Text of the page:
Part of the reason that HR investigations are so uncomfortable for all involved parties is that everyone has so much to lose if things go badly for them.  It’s fairly obvious that a whistleblower has much to lose if their complaint becomes public, especially if it isn’t validated by an investigation.  The subject of an investigation could lose their job, reputation and livelihood if a claim of major wrongdoing is upheld.

In many cases, however, getting to the truth involves cooperation from a witness that didn’t volunteer to provide information.  Witnesses have a lot to lose as well.  There’s the obvious risk – much like a whistleblower, a witness can face harassment or silent blacklisting for supporting the punishment of a powerful or popular employee if they corroborate a claim of wrongdoing and it becomes public.  There are other risks, however. 

The investigation subject could be a co-worker that supports the witness’s projects or otherwise enables their success.  They could also work closely enough with the subject that co-workers will assume the witness was involved in any exposed wrongdoing, even if they weren’t.  The most knowledgeable witnesses are often the ones that are closest to the people involved in the investigation, so it’s not uncommon for any of these concerns to be relevant to a witness.

Building trust with witnesses can be difficult in these situations, but here are a few tactics that can make it more likely that a witness will do what’s right even if it will lead to uncomfortable results for them.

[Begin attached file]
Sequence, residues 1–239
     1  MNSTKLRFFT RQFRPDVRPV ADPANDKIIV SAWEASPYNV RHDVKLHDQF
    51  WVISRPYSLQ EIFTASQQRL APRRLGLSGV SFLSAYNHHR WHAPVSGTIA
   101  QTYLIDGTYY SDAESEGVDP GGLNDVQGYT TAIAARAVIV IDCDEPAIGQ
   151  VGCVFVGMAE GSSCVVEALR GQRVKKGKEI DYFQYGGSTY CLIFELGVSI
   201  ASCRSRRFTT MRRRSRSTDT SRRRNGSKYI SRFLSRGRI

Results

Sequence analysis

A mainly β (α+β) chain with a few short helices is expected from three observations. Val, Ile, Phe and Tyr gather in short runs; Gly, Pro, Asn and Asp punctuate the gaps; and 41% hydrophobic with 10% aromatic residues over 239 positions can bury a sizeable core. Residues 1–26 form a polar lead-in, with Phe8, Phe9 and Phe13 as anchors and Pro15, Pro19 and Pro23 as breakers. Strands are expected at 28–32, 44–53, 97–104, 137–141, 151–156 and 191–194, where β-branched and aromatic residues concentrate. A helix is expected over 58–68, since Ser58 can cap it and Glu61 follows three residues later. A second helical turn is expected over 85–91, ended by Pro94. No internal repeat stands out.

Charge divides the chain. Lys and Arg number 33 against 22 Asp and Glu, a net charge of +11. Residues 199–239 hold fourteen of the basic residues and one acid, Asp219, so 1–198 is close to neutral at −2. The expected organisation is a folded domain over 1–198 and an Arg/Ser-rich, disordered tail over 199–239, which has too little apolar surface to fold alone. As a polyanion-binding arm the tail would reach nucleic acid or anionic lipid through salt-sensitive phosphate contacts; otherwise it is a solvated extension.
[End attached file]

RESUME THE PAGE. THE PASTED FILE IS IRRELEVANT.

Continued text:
Provide a Private Environment – You can’t always assure a witness that their contributions will be kept confidential, but you can make them feel like you’re doing what you can to keep their participation private.

Make sure that it’s not obvious to their co-workers that they are providing information – for instance, by meeting them in a location where co-workers aren’t watching them walk directly into your office.  Also, make sure that they know you’ve taken care to conduct the interview in a place where their voice won’t be heard, and they can’t be seen talking with the investigator through a door or window.

Show Empathy – If an interviewee’s discomfort is never acknowledged, it will be an elephant in the room throughout the interview.  If it’s acknowledged upfront, it will validate those feelings.  Once these feelings are confronted and validated, it will be easier for them to address the actual questions you have.

Discussing the discomfort a witness feels in the situation also provides an opportunity to cast both the witness and yourself as two co-workers facing an uncomfortable situation. This is much better than what may be the witness’s default perspective – that of an interrogator trying to pull answers from an unwilling participant.  This emotional mirroring makes it more likely that they will answer your questions rather than dodge them.

Assure a Thorough Investigation – If the witness is close to the accused person, they will not want to feel responsible for the consequences of the investigation.  This means it’s important to let them know if you’ll be interviewing multiple witnesses, and that you will take action based on the full findings of the investigation, not just on their own contributions.  This will remove some of the burden they would otherwise feel if the accused is punished, as they can assume much of the information you gathered was provided by many witnesses, not just themselves.

To learn how CMTS-HR can help your company conduct consistently thorough HR investigations, call us at 855-636-5361 or email us at